MYSTERY PHOTO:  Winter wonderland

Here’s a snow picture that we received over the last week, but where is it?  Does it look familiar?  (It should, for a couple of reasons.) Send your best guess – plus your name and hometown – to editor@charlestoncurrents.com.  In the subject line, write: “Mystery Photo guess.”

Last issue’s mystery

The Jan. 1 mystery, “The remains of a day,” showcased the remains of the Progressive Club, a civil rights landmark on Johns Island that is recognized as a start for citizenship schools.  They eventually led to the voter registration of hundreds of thousands of African Americans across the South.

Congratulations to the six people who correctly identified the photo:  Deborah Getter of Johns Island; Chris Brooks of Mount Pleasant; Tom Tindall of Edisto Island; George Graf of Palmyra, Va.; Pete Laurie of Johns Island; and Tom Kulick of Kiawah Island.

Graf provided some more detail:

“The Mystery Photo is linked to your story about Ida Berman’s photos being unveiled at the Charleston County Public Library, 68 Calhoun St., Charleston.  One of those photos is of Esau Jenkins plus others of people working at the Progressive Club.

According to progressiveclub.org, “two African-American Island residents, Esau Jenkins and Joe Williams, organized the Progressive Club in 1948. These two visionaries realized the necessity for an organization such as the Progressive Club when an African-American Johns Island resident, Sammy Grant, was shot by a white man for kicking at the man’s dog in an effort to defend himself from an attack. When the white magistrate refused to issue an indictment against the dog owner, finding that the dog owner ‘had a right’ to shoot Grant, Jenkins and Williams organized island residents to pool their funds to hire an attorney to appeal the magistrate’s decision. The dog owner was eventually tried, convicted and fined for the aggravated assault and battery. From these beginnings, the Progressive Club took shape and came into being. The organization received its Charter #1145 in 1948 from the Secretary of State of South Carolina.”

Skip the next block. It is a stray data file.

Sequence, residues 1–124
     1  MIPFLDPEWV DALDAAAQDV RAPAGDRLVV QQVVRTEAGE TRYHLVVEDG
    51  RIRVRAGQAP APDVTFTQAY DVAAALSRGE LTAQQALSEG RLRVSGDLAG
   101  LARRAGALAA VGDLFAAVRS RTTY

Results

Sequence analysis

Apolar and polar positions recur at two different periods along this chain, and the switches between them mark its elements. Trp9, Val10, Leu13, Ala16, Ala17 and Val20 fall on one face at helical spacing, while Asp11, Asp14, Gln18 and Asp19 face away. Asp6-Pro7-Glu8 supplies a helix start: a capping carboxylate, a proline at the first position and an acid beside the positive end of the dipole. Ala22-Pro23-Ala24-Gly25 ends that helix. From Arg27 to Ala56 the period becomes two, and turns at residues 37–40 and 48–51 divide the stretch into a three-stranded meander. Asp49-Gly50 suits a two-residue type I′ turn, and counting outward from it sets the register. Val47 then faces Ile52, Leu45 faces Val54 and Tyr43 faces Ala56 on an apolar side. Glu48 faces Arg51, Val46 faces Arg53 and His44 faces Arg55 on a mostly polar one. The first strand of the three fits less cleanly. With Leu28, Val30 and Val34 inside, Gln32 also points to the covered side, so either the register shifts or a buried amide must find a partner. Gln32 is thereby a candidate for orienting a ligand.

Tindall provided more context: “The picture is of the remains of the Progressive Club Sea Island Center located at 3377 River Road at the intersection of River Road and Royal Oak Drive on Johns Island. The club is significant for its role as a citizenship school and for its association with events and persons important in the civil rights movement. The club building is also significant for its association with the development of continued adult education, social history, politics, ethnic heritage, recreation and commerce for the African American community of the Sea Islands beginning with the building’s construction in 1963 until the death of the club’s founder Esau Jenkins in 1972.

“While the first citizenship school class at the Progressive Club site was held in January 1957, the citizenship schools became a model for civil rights leaders for similar efforts throughout the South during the late 1950s and continued as classes and workshops at the Progressive Club well into the civil rights movement of the 1960s. The workshops, classes and folk festivals hosted by the Progressive Club were either attended or facilitated by people who were later catapulted to the national stage in the civil rights movement of the 1960s. The building was heavily damaged by Hurricane Hugo in 1989 and listed in the National Register October 24, 2007.”

Send us a mystery:  If you have a photo that you believe will stump readers, send it along (but make sure to tell us what it is because it may stump us too!)   Send it along to  editor@charlestoncurrents.com.

 

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